Jordan Aid Drop Gaza
Jordanian Army via AFP-Getty Images

Cease-fire deal now in the hands of U.S. and Israel, senior Hamas official tells NBC News

Keir Simmons

A senior Hamas official has told NBC News that it is now up to the United States to pressure Israel to reach a cease-fire agreement before Ramadan next week, after the militant group presented its proposal for a new hostage release deal at talks in Cairo.

A Hamas delegation had participated in a new round of talks with mediators in the Egyptian capital and was now awaiting a response from Israel, senior Hamas official Bassem Naim said.

“It is now in the hands of the Americans, if they are serious about achieving a cease-fire before Ramadan, to exercise enough pressure on the Israelis,” he said in a voice message.

IDF says it destroyed one of the largest Hamas tunnels ever discovered

Peter Guo

One of the largest Hamas tunnels ever discovered has been destroyed in northern Gaza, the Israeli military said in a statement today.

The tunnel with multiple branches was dug from the northern Gaza Strip toward Israeli territory but didn’t cross into it, the statement said.

It took a few weeks to study and dismantle the tunnel which discovered in December, the statement added.

Israel plans new crossing into northern Gaza, officials tell NBC News

Raf Sanchez

TEL AVIV — Israel’s military is drawing up plans to open a new crossing to deliver humanitarian aid directly into northern Gaza, two Israeli officials told NBC News.

The crossing is expected to be in the area around Kibbutz Be’eri in southern Israel, the officials said, though both stressed that plans were not finalized and could still change.  

The plan comes after intense U.S. pressure on Israel to get more aid into Gaza, amid growing signs of famine in the northern half of the strip. 

“People in Gaza are starving. The conditions are inhumane,” Vice President Kamala Harris said in a speech Sunday. “The Israeli government must do more to significantly increase the flow of aid. No excuses. They must open new border crossings.”

At least 10 Palestinian children have now died of malnutrition and dehydration in northern Gaza, according to the United Nations, which has warned that 1 in 4 Gazans are now on the brink of famine.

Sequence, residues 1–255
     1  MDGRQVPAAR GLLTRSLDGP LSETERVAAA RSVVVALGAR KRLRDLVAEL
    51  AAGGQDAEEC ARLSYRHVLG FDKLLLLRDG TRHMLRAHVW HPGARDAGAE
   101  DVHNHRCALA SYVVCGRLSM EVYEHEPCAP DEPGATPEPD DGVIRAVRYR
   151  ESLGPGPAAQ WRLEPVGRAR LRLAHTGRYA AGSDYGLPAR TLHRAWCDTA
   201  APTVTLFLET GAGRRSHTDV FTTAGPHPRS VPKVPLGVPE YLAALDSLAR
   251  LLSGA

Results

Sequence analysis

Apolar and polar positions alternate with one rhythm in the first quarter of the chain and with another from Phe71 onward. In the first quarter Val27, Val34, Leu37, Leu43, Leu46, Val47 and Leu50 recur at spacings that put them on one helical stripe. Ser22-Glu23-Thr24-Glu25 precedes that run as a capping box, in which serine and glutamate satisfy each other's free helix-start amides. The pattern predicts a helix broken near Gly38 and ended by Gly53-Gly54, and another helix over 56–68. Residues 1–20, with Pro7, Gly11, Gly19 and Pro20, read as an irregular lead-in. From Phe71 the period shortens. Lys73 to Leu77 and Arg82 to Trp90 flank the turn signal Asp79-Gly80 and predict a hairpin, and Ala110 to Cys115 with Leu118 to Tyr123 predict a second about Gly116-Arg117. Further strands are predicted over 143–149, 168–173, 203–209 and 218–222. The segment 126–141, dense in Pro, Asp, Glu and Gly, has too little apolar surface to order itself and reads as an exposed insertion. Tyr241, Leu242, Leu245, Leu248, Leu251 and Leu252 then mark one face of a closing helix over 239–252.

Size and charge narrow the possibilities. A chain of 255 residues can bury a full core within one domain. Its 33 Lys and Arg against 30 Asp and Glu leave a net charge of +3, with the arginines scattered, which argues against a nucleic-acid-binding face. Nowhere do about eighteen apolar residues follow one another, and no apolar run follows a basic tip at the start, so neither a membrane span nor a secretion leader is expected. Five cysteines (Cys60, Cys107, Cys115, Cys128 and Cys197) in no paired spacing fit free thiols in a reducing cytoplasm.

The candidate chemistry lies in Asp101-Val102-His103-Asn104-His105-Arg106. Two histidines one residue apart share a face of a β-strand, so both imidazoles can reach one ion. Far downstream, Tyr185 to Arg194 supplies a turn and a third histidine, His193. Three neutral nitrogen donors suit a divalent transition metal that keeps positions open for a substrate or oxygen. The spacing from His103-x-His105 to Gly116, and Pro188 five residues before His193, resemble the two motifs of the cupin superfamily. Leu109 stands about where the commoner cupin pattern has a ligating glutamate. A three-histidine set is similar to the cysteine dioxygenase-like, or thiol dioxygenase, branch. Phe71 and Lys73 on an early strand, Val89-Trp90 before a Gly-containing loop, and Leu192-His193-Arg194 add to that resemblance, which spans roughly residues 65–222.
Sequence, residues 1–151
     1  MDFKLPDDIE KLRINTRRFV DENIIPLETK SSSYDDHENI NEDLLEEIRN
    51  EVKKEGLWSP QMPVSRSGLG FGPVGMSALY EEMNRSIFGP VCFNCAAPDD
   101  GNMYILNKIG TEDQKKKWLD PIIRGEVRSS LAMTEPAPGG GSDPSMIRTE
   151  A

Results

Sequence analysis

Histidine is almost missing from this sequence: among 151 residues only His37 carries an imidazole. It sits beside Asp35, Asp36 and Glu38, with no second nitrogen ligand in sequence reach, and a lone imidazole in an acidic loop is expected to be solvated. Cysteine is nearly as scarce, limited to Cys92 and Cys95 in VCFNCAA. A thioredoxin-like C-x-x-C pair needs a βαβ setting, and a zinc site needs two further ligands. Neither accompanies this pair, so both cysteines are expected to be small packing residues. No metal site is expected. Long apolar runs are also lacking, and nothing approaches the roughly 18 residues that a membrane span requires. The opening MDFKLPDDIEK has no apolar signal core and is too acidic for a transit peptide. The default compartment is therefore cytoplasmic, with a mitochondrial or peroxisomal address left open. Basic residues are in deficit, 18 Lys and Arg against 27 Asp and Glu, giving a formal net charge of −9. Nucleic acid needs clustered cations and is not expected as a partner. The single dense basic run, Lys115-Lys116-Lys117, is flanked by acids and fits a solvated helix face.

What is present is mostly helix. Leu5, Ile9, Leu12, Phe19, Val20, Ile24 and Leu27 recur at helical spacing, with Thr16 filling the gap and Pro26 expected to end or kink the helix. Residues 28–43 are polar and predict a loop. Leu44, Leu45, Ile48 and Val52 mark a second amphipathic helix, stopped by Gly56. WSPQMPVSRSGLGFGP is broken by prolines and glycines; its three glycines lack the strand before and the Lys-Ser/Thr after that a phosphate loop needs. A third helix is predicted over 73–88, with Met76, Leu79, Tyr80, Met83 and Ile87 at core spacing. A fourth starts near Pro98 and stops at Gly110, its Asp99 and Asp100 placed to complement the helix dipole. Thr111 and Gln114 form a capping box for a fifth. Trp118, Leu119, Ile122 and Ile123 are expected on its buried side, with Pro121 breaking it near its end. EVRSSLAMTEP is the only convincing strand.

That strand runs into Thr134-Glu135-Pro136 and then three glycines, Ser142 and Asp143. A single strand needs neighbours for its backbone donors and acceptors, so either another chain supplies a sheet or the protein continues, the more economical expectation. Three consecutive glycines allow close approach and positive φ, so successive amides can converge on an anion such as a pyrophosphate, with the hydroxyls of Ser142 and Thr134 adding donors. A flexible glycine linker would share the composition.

Civilians flee Khan Younis as IDF tank looms

Max Butterworth

Displaced Palestinian women raise a white flag as they are shadowed by Israeli forces while fleeing Khan Younis in the southern Gaza Strip today.

Palestinian Women Flee Khan Younis
AFP - Getty Images

India advises workers to leave areas near Israel's borders

Indian nationals working near Israel's borders have been advised to “relocate to safe areas,” in a post on X by their embassy. Visitors to those regions were also advised to leave.

The post came a day after two Indian workers were wounded and another foreign worker was killed near Israel's northern border with Lebanon.

Facing dire shortage of labor, Israel has turned to Asian countries like India where it has recruited thousands of workers to fill jobs previously carried out by Palestinians.

Turkey detains seven suspected of selling information to Israel’s Mossad


Police detained seven people, including a private detective, suspected of selling information to Israel’s Mossad intelligence service, Turkey’s intelligence agency said today.

The detective, who was a former public servant, was suspected of gathering information on Middle Eastern companies and individuals in Turkey, placing tracking devices and engaging in surveillance, the MIT intelligence agency said.

A video released by the Interior Ministry showed police raiding homes in Istanbul and seizing guns, bags of drugs and electronic devices.

“We will never allow espionage activities to be carried out within the borders of our country. We will catch them one by one and bring them to justice,” Interior Minister Ali Yerlikaya said on the social media platform X.

Israel did not immediately comment on the operation.

Houthi targets hit after missiles fired at ship in the Red Sea, CENTCOM says

Peter Guo

Yemen's Houthi rebels fired three anti-ship ballistic missiles yesterday, according to a post on X from U.S. Central Command.

American forces conducted self-defense strikes in response, CENTCOM said today, adding that only one missile launched by the Iran-backed rebel group damaged a Swiss-owned container vessel in the Gulf of Aden.

No injuries were reported and the ship continued without requesting assistance, the statement said.

CENTCOM said its forces later carried out defensive strikes against imminent anti-ship threats to protect merchant and U.S. Navy vessels, which remained unaffected throughout.

IDF ground operations ongoing in Gaza

Max Butterworth

Images released by the Israeli Army today show a marksman pointing a firearm from a vantage point within a building, and other soldiers patrolling an undisclosed area of the Gaza Strip during ongoing ground operations in the Palestinian territory.

Israeli Soldiers in Gaza
Israeli Army / AFP - Getty Images
Israeli Soldiers in Gaza
Israeli Army / AFP - Getty Images